Endangered Blue-Throated Macaws move into penthouse suite SEARCH NEWS

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Blue-Throated Macaws © Tjalle Boorsman, Asociación Armonía

While Blue-throated Macaw numbers are steadily rising thanks to the efforts made by World Land Trust’s (WLT) partner, Asociación Armonía, with an estimated 450 living in the wild, Armonía are looking at every trick of the trade to improve the housing market for this Endangered macaw.

Armonía’s Beni Savanna Reserve protects 27,180 acres of unique habitat.

Once thought to be extinct in the wild, in 1992 a population of about 50 Blue-throated Macaws was rediscovered in north eastern Bolivia, surviving among the ‘islands of palm trees’ that rise above the Beni Savanna’s seasonally flooded plains. Since then Armonia has worked tirelessly to protect this Critically Endangered bird. Blue-throated macaws like to nest in cavities of palm trees, preferably dead trees where natural hollows have been made by insect grubs after the tree has died. The number of suitable nest trees has been systematically reduced by land clearance and these macaws tussle for space with different species of macaw, woodpecker, toucan, owl, bats and bees. Consequently, Armonía recognised that a solution must be found for homeless Blue-throated Macaws if numbers were to be boosted to bring them beyond the threat of extinction.

Save land, protect the birds and find them homes

Barba Azul Reserve. Image: Asociación Armonía/Bennett Hennessey

With help from supporters including WLT, Armonía has created a 27,100 acre (11,000 ha) reserve which has become a safe haven for Blue-throated Macaws by protecting food resources and, hopefully, nest sites. Because of the loss of suitable trees for nesting, Armonía began installing nest boxes in 2009. Disappointingly, those put up for the northern population were steadfastly rejected with not a single macaw coming, even for a viewing. This was puzzling as in their southern range the nest box scheme had achieved good results with Blue-throated Macaws using 26 nest boxes to fledge 81 chicks over the last 13 years. So why was it that the northern population chose to leave the reserve in November to breed in what was assumed to be palm tree stands in cattle ranches, leaving them highly vulnerable?

How to attract nest builders?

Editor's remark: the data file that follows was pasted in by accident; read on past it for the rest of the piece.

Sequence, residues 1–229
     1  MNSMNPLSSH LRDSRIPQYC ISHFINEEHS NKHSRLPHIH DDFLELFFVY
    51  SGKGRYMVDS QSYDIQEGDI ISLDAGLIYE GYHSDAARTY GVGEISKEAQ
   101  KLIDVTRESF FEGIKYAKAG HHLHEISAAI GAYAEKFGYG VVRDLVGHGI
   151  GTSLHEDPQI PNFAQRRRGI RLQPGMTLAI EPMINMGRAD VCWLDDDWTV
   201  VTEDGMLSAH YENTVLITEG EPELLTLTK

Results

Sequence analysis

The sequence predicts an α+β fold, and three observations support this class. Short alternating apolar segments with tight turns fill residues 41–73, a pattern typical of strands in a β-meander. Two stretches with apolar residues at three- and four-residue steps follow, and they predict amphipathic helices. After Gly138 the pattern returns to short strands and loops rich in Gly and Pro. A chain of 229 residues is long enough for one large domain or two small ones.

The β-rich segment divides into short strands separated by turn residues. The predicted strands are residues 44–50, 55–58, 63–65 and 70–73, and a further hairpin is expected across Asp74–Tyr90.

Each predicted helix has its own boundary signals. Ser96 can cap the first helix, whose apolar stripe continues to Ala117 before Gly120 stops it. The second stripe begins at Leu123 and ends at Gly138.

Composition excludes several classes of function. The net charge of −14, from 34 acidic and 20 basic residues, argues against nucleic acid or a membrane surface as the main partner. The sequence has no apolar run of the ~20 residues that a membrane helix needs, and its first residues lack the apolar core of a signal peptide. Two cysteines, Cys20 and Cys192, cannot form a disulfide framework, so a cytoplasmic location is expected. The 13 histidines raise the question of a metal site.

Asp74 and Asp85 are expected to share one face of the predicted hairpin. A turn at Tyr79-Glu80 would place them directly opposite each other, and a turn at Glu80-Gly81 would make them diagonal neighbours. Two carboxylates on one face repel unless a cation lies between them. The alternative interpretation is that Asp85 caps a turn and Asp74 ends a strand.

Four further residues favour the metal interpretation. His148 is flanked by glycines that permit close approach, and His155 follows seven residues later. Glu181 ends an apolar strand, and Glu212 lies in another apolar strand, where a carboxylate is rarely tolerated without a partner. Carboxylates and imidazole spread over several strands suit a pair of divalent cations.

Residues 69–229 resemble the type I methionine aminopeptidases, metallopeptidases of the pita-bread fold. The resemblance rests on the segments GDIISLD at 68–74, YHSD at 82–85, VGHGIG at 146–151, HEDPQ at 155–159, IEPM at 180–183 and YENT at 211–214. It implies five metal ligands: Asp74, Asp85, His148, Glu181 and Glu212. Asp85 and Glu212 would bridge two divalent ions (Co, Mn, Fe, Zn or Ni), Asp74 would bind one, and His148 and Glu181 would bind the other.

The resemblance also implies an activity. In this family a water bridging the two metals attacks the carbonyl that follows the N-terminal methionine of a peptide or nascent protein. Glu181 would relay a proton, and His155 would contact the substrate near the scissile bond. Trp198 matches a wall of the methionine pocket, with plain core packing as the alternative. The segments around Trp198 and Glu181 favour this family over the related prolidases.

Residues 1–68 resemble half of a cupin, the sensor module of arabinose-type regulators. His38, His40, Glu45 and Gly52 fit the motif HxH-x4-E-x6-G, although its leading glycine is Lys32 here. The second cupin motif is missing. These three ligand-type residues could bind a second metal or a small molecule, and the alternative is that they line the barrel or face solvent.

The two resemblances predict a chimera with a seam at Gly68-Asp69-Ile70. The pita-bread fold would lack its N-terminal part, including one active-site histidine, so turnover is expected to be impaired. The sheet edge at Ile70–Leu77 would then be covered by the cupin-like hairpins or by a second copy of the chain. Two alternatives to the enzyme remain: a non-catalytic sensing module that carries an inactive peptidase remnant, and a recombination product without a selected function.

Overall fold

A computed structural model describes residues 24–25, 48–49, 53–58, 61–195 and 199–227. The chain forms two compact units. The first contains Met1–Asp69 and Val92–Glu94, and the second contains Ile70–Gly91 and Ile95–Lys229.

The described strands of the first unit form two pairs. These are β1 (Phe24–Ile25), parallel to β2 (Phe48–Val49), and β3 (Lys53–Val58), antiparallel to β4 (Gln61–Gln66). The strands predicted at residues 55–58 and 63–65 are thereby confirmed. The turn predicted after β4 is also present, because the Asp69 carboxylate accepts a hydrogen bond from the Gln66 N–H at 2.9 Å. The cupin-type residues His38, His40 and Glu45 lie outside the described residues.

Blue-throated Macaws nesting in isolated dead royal palm trees. Image: Tjalle Boorsma/Asociacion Armonia

In 2017, Tjalle Boorsma, Armonía’s Conservation Program Director led a research party about 50 miles (80 km) north of Barba Azul searching for breeding birds and what he found was a complete eye-opener. The nesting cavities, more like shallow saucers, were placed around 40 feet (12 metres) from the ground on top of isolated dead royal palm trees. This was nothing like the preferred nesting holes of the southern Blue-throated Macaws who were breeding in a cavity about three times higher and much more isolated from other trees.
After looking closely at their desired features, last year Armonía built five penthouse next box suites and chose positions determined by Tjalle who had observed the birds taking a predictable sunset flight to their roosting site; it made common sense to place the boxes directly in their path.

They found their dream home

In June Barba Azul Reserve guard, Carlos Roca reported seeing a pair of Blue-throated Macaws perching and investigating a penthouse nest box, and at the end of the month Tjalle observed three different pairs not just perching on the nest boxes but taking a good view inside and squabbling over the prime real-estate. This is a major breakthrough for the Armonía team who now have a better understanding of how to market suitable homes for these macaws.

Image: Sebastian Herzog/Asociacion Armonia

About the reserve

Roughly twice the size of Portugal, in northern Bolivia the Beni Savanna is almost entirely ranched and its grassland habitat burned every year to clear the way for cattle. The good news is that the 27,180 acres (11,000 hectares) are under permanent protection thanks to everyone who has supported land purchase and protection through Armonía. The reserve harbours a wealth of threatened wildlife and also provides a vital stopover site in Bolivia for the Buff-breasted Sandpiper on its migration. Impressive mammal species include Jaguars, Pumas, Maned wolves, Ocelots, Giant Anteaters and Black Howler Monkey.

MORE INFORMATION

You can support the protection and recovery of the Blue-throated Macaw and the other species of the Beni Savanna Reserve through our Keepers of the Wild appeal. Your donation will enable rangers and our partner Armonía to install additional nest boxes over a wider area, helping secure the future of these charismatic macaws.

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